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Auto Parts Recycle

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Plenty of material goes into making cars, and a lot of it can be recycled at the end of your vehicle’s life span. Auto parts recycling lets you make the most of these materials, sending them off to be reused in a wide variety of other applications. A lot of new cars already contain recycled materials from old cars, but recycled parts can go into more than just cars, including shoes, turf, and virtually anything you can imagine that makes use of scrap metal, plastic, and rubber. Learn about easy auto parts recycling, and discover which parts of your car you should recycle when it’s time to get rid of them.

Resource Scarcity

From both an economic and environmental perspective, recycling is the best way to make use of our limited resources. Fortunately, the automotive industry has been one of the leaders in recycling for decades now. Being at the forefront of innovation has helped companies save on production, and with less waste comes more savings. Plus, the market for used parts has expanded greatly in recent years, with more and more drivers being willing to opt for used parts to not only save on their budget but to save the environment as well.

One major obstacle does still exist, however, and that’s original equipment manufacturer repair standards. Manufacturers only officially approve OEM parts, which are new parts from the manufacturer for warranty-covered repairs. Recycled parts are lumped together with aftermarket parts, even though a lot of recycled parts are virtually no different from OEM parts in a lot of circumstances, considering that they were once OEM parts themselves.

The industry is largely moving toward a model that champions availability more than anything else. The more you recycle your auto parts, the more readily available parts will be for people looking for them. The most successful auto parts sellers are effective because they can get people the parts they need quickly and accurately. Most vehicle owners have had to wait on a part before, and the more you recycle, the shorter that wait time will be overall.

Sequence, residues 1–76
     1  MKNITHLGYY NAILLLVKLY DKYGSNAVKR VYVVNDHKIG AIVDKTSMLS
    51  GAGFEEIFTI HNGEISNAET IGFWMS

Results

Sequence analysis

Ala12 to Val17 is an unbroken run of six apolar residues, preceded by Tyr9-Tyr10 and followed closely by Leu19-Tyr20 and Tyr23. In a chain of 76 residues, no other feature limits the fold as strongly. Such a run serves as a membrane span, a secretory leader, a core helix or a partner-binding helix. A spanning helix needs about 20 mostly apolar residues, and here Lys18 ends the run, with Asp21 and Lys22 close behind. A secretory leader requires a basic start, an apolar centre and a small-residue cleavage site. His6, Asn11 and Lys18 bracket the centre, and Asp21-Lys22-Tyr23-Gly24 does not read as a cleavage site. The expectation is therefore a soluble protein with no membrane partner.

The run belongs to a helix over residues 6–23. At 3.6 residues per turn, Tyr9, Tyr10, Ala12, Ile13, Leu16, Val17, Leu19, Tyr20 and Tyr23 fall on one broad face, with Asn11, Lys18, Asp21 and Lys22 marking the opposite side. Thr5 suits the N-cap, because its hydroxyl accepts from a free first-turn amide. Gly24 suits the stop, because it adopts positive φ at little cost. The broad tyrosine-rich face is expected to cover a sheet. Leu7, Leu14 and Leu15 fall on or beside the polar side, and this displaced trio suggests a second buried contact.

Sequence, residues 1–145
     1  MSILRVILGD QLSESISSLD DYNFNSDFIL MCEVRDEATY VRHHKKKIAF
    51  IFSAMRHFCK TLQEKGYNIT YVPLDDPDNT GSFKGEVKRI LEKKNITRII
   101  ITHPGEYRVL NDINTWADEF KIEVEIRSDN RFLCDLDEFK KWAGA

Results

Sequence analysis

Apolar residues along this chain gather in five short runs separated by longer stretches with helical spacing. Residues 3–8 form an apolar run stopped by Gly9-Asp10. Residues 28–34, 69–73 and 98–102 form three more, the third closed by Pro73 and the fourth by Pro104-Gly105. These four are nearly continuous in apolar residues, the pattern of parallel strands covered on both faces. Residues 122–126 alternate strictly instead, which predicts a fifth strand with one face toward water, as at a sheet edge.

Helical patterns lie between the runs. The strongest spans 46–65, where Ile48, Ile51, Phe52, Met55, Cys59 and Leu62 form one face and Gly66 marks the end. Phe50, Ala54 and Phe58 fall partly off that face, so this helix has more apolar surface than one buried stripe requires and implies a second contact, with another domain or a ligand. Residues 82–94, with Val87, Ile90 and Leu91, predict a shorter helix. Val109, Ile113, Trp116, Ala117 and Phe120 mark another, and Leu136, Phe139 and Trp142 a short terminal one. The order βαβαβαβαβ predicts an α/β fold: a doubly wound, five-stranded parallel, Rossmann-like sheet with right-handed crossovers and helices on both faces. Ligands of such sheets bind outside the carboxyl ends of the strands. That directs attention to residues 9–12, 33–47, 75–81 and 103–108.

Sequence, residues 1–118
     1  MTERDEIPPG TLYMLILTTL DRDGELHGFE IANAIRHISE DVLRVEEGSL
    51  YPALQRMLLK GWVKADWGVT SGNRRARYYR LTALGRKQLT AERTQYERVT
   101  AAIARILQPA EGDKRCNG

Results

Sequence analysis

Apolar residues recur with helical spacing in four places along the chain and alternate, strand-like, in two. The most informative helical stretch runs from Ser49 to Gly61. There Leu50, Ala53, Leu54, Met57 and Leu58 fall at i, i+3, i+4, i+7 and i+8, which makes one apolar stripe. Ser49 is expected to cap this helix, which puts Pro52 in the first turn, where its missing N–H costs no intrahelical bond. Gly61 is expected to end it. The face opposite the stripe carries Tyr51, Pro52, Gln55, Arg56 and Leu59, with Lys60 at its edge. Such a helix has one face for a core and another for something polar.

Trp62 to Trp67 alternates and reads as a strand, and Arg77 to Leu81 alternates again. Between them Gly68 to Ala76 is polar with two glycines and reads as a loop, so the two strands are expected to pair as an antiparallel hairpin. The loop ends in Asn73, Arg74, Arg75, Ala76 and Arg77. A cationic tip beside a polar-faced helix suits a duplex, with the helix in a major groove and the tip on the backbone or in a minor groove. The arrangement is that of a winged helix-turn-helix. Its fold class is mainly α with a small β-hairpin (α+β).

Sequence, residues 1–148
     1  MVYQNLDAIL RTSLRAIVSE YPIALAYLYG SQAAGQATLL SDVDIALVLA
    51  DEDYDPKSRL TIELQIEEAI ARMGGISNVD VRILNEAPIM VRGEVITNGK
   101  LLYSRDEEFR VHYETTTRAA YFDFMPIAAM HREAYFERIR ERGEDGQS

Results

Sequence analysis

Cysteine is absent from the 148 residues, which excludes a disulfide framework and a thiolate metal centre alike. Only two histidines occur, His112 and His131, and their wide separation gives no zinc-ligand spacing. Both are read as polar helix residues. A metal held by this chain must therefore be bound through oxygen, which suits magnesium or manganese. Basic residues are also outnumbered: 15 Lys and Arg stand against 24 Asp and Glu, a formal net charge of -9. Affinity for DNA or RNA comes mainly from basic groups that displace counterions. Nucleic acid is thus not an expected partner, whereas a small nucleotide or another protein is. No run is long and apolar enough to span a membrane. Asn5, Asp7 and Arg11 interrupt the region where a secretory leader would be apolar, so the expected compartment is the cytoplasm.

Oil changes are among the most common services you’ll ever have to get for your vehicle. If you take your car to the shop for an oil change, they should already be recycling it for you. If you change your oil yourself, however, make sure to bring it to a local recycling facility for disposal. Improperly disposed oil can have massive impacts on the environment, with the oil from a single oil change having the potential to ruin a million gallons of water, according to the Environmental Protection Agency. If you’re not sure where your local recycling facility is, auto parts shops like Advance Auto Parts and AutoZone can take care of it as well.


Tires are produced in incredibly high numbers, and a lot of tires being produced today use recycled materials. The goal is to get that rate to 100%, and you can help by making sure that your tires are recycled. Tire shops will recycle them for you, as will designated tire recycling centers. Whether they go to fuel, engineering applications, or simple ground rubber, recycled tires can help quite a bit.


Recycling glass is probably something you’re already familiar with, but recycling auto glass is different than recycling the glass from items like bottles. Auto glass has a polyvinyl butyral interlayer, which is the substance that helps prevent the glass from shattering in an accident. Glass takes about a million years to decompose naturally, so it’s best not to leave it lying around. Salvage yards and body shops are typically happy to take automotive glass off your hands, but if you have a classic car, there may be a market online with special buyers who are interested in it.